- Subtest III
Physical Education (13 MC questions and 1 SCR question)
Human Development (13 MC questions and 1 SCR question)
Visual and Performing Arts (13 MC questions and 1 SCR question)
*Note: MC = Multiple-choice questions
SCR = Short-constructed response questions
Reading Instruction Competence Assessment
The RICA is designed to assess knowledge and skills in reading instruction for teachers and potential elementary school teachers. It was adopted by the California Commission on Teacher Credentialing (CTC) “to measure an individual’s knowledge, skill, and ability relative to effective reading instruction.” The RICA is composed of two different and separate assessments—the RICA Written Examination and the RICA Video Performance Assessment. Test-takers must pass either one of the two assessments to complete the requirement.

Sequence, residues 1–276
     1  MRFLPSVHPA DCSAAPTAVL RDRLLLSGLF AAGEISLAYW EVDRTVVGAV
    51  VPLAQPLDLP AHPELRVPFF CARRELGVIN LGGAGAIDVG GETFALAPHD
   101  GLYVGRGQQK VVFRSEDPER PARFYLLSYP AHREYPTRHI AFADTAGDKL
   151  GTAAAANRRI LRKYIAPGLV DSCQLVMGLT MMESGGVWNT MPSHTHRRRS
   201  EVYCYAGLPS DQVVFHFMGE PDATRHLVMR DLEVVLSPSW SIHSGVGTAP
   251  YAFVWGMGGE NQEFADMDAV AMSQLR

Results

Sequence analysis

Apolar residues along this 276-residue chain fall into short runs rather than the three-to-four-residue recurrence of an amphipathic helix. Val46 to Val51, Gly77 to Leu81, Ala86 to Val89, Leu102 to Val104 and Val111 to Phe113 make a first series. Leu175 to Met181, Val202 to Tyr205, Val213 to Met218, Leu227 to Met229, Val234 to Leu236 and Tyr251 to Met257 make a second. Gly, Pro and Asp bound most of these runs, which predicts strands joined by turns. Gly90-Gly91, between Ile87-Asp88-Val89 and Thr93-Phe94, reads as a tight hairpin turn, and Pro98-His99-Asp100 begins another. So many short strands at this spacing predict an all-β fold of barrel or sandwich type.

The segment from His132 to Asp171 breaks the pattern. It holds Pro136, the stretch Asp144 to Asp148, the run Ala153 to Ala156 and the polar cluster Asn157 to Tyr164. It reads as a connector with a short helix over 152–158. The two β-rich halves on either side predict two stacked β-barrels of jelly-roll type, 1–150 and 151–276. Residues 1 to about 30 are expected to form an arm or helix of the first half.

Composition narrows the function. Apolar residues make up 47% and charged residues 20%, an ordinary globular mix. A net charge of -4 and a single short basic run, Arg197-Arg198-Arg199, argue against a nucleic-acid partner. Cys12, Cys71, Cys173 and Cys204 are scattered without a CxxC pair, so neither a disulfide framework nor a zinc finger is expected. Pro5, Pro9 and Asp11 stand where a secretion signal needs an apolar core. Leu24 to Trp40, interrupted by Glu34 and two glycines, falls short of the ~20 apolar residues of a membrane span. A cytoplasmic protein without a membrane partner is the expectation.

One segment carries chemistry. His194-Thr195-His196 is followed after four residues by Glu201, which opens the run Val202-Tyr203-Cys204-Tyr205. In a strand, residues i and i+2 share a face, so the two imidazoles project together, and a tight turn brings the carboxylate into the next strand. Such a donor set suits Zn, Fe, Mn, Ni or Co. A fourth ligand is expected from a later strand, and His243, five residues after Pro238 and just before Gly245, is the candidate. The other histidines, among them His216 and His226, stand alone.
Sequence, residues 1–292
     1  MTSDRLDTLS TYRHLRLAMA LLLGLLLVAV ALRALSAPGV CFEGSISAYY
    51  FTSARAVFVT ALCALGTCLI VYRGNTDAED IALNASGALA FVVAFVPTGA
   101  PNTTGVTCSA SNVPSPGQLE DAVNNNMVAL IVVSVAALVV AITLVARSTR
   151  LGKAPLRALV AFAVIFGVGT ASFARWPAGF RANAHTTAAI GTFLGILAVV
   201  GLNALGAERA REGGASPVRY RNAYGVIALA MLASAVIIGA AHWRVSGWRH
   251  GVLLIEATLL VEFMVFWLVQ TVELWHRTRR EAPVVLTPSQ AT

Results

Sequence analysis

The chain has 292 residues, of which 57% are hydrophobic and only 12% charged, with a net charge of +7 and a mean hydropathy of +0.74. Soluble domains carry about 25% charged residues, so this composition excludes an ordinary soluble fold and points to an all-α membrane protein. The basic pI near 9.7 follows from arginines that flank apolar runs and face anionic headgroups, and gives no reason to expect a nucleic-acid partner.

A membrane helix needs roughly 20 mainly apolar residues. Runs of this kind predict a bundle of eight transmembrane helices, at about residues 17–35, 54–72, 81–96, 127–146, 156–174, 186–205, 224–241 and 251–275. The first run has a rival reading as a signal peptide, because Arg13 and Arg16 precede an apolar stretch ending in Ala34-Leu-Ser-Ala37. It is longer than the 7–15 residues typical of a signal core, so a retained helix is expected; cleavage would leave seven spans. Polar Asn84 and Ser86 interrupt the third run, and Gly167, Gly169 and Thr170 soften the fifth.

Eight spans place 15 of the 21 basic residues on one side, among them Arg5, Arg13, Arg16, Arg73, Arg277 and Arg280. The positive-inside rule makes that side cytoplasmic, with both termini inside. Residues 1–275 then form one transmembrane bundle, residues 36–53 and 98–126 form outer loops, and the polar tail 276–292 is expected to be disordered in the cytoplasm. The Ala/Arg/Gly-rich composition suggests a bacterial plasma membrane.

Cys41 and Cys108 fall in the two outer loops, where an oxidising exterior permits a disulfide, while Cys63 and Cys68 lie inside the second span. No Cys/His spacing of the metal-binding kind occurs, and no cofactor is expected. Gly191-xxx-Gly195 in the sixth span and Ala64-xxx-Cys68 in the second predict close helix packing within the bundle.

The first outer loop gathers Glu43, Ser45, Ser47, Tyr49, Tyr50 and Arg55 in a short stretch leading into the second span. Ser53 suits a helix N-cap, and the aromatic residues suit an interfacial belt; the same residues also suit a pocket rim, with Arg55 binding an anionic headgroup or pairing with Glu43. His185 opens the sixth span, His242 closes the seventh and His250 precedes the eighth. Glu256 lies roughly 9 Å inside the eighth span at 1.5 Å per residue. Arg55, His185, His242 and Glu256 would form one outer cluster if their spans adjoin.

Format: Computer-Based Test
- Multiple-Choice Section (70 questions addressing all five domains, but only 60 questions are scored)
- Constructed-Response Essays (4 essays from Domains 2, 3, 4, 5 that are focused educational problems and instructional tasks)
- Case-Study Essay (1 essay addressing all five domains)
- Domain 1: Planning, Organizing, and Managing Reading Instruction Based on Ongoing Assessment.
- Domain 2: Word Analysis
- Domain 3: Fluency
- Domain 4: Vocabulary, Academic Language, and Background Knowledge
- Domain 5: Comprehension